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Methods for community-based participatory policy work to improve food environments in New York City symptoms low potassium discount 5 mg olanzapine with amex. Considerations for incorporating health equity into project designs: A guide for community-oriented maternal medicine 1800s order 5 mg olanzapine, neonatal medications on a plane generic 7.5 mg olanzapine visa, and child health projects treatment 8mm kidney stone olanzapine 10 mg. Evaluating Obesity Prevention Efforts: A Plan for Measuring Progress Work Group for Community Health and Development and University of Kansas. A multilevel approach to estimating small area childhood obesity prevalence at the census block-group level. Community Obesity Assessment and Surveillance 221 Copyright © National Academy of Sciences. Evaluating Obesity Prevention Efforts: A Plan for Measuring Progress 8 Monitoring and Summative Evaluation of Community Interventions1 Why: Why develop a Community-Level Obesity Intervention Monitoring and Summative Evaluation Plan? Monitoring and summative evaluation of local interventions is critically important both to guide community action and to inform national choices about the most effective and cost-effective interventions for funding, dissemination, and uptake by other communities. What: What is a Community-Level Obesity Intervention Monitoring and Summative Evaluation Plan? Complementary to the Community Obesity Assessment and Surveillance Plan (in Chapter 7), a Monitoring and Summative Evaluation Plan for community-level obesity interventions is a template to help communities to monitor implementation of the intervention and evaluate the long-term outcomes and population impacts such as behavior change, reduced prevalence of obesity, and improved health. How: How should a Community-Level Obesity Intervention Monitoring and Summative Evaluation Plan be implemented? A template for customizing plans for monitoring and summative evaluation identifies priorities to accommodate local differences in terms of opportunities for change, context, resources available for evaluating strategies recommended in the Accelerating Progress in Obesity Prevention report, and stakeholder input. Because innovations in obesity prevention often receive their initial test at the community level, rigorous and practical methods are desirable to build national knowledge. Combining knowledge from both experimental studies and practice experience can inform national evaluation by casting light on the prevalence of strategies, their feasibility, and their ease of implementation. A portion of this chapter content was drawn from commissioned work for the Committee by Allen Cheadle, Ph. Evaluating Obesity Prevention Efforts: A Plan for Measuring Progress T his chapter presents guidance to develop plans for monitoring and evaluating2 community-level obesity prevention interventions. Monitoring and evaluating community-level efforts to prevent obesity is critical for accelerating national progress in obesity prevention and for providing evidence to inform a national plan for evaluation. Community-level evaluation encompasses the issues of learning not only "what works," but also the relative feasibility to implement interventions in different situations and the comparative effectiveness of various strategies-the extent to which they work. In line with "what works," monitoring of the implementation of interventions also informs local implementers on how to improve and manage interventions. Finally, it encompasses translating effective interventions for implementation on a broader scale and determining the contexts in which they are and are not effective. This learning will allow greater return on national investments in obesity prevention. Communities vary widely with respect to population size, diversity, context, and impact of obesity. Community capacities for monitoring and summative evaluation are also highly variable, with a wide range of expertise and resources for collecting and using data to evaluate the implementation and effectiveness of interventions. Community intervention monitoring and summative evaluation can be focused on programs, systems, policies, or environmental changes, or any combination of these in multi-faceted initiatives. In the past, local efforts focused mostly on counseling, education, and behavior-change programs delivered directly to individuals as well as some broader school-based and community-based programs. Evaluation is the effort to detect changes in output, outcomes, and impacts associated with interventions and to attribute those changes to the interventions. Evaluating Obesity Prevention Efforts: A Plan for Measuring Progress munity organizations). This chapter covers some important considerations for monitoring and summative evaluation that exist across obesity prevention programs and community-level initiatives. The chapter emphasizes the particular challenges and opportunities of community-level evaluation, for which evaluation methods are less well established and evolving. This makes the monitoring of implementation essential and the use of rigorous evaluation methods more challenging (Hawkins et al. Any evaluation must weigh trade-offs between internal and external validity, feasibility, and ethics versus experimental control, and intrusiveness versus free choice among participants. These decisions become more difficult for initiatives that arise from community decision making (Mercer et al.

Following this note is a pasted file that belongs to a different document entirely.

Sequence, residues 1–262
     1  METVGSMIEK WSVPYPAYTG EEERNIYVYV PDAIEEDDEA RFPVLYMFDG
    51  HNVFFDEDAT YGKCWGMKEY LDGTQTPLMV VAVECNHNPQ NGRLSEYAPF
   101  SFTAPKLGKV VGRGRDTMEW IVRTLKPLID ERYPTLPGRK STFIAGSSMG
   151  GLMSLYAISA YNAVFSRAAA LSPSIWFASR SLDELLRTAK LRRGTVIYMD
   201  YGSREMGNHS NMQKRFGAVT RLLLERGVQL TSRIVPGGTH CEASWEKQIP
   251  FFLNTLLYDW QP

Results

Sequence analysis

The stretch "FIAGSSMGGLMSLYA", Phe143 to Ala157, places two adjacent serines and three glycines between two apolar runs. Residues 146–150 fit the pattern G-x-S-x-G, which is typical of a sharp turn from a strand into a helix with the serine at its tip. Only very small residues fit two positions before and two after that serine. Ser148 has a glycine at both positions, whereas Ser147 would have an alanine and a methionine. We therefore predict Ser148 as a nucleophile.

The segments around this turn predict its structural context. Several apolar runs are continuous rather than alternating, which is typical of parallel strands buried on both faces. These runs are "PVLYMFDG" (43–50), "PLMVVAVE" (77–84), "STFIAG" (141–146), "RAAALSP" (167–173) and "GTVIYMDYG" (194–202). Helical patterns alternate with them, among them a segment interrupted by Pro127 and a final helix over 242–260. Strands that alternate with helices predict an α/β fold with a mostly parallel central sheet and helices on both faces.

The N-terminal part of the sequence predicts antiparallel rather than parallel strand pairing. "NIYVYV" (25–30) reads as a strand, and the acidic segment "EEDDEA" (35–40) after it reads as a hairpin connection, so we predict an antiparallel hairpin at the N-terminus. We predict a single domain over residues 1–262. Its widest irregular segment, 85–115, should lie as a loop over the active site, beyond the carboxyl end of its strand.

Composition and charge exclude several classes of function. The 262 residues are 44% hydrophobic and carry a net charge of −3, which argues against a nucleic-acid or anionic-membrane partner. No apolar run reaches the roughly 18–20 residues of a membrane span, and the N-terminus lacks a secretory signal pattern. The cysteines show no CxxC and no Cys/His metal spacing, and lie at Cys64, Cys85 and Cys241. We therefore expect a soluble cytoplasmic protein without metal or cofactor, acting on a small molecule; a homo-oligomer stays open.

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Neighborhood design and rates of walking and biking to elementary school in 34 California communities medicine ketorolac purchase olanzapine 7.5 mg with amex. Reliability and validity of the healthy home survey: A tool to measure factors within homes hypothesized to relate to overweight in children medications safe while breastfeeding order olanzapine 10mg with mastercard. Neighborhood playgrounds medications similar buspar olanzapine 10 mg low cost, fast food restaurants symptoms 3 days after conception discount 7.5mg olanzapine, and crime: Relationships to overweight in low-income preschool children. Parental report of outdoor playtime as a measure of physical activity in preschool-aged children. Measuring cues for healthy choices on restaurant menus: Development and testing of a measurement instrument. Environmental and policy factors associated with overweight among adults in Missouri. Fast-food outlets and walkability in school neighbourhoods predict fatness in boys and height in girls: A Taiwanese population study. Texas school food policy changes related to middle school a la carte/snack bar foods: Potential savings in kilocalories. The impact of the Texas public school nutrition policy on student food selection and sales in Texas. Food expenditures and food purchasing among low-income, urban, African-American youth. Community food environment, home food environment, and fruit and vegetable intake of children and adolescents. Mapping access to food in a deprived area: the development of price and availability indices. Active community environments and health: the relationship of walkable and safe communities to individual health. School-based behavioral assessment tools are reliable and valid for measurement of fruit and vegetable intake, physical activity, and television viewing in young children. Ecological and socioeconomic correlates of fruit, juice, and vegetable consumption among African-American boys. Reducing sedentary behavior: the relationship between park area and the physical activity of youth. Test-retest reliability of a questionnaire to assess physical environmental factors pertaining to physical activity. Test-retest reliability of a questionnaire on physical activity and its correlates among women from diverse racial and ethnic groups. Obesity relationships with community design, physical activity, and time spent in cars. Validation of a survey instrument to assess home environments for physical activity and healthy eating in overweight children. Inequality in the built environment underlies key health disparities in physical activity and obesity. Environmental resources moderate the relationship between social support and school sports participation among adolescents: A cross-sectional analysis. Observations of marketing on food packaging targeted to youth in retail food stores. The quality of school wellness policies and energy-balance behaviors of adolescent mothers. Environmental influences on dietary behavior among children: Availability and accessibility of fruits and vegetables enable consumption. Fruit and vegetable access in four lower income food deserts communities in Minnesota. Using observational methods to evaluate public open spaces and physical activity in Brazil. Evaluating Obesity Prevention Efforts: A Plan for Measuring Progress Horodynski, M. Mealtime television viewing and dietary quality in low-income African American and caucasian mother-toddler dyads. Barriers to buying healthy foods for people with diabetes: Evidence of environmental disparities.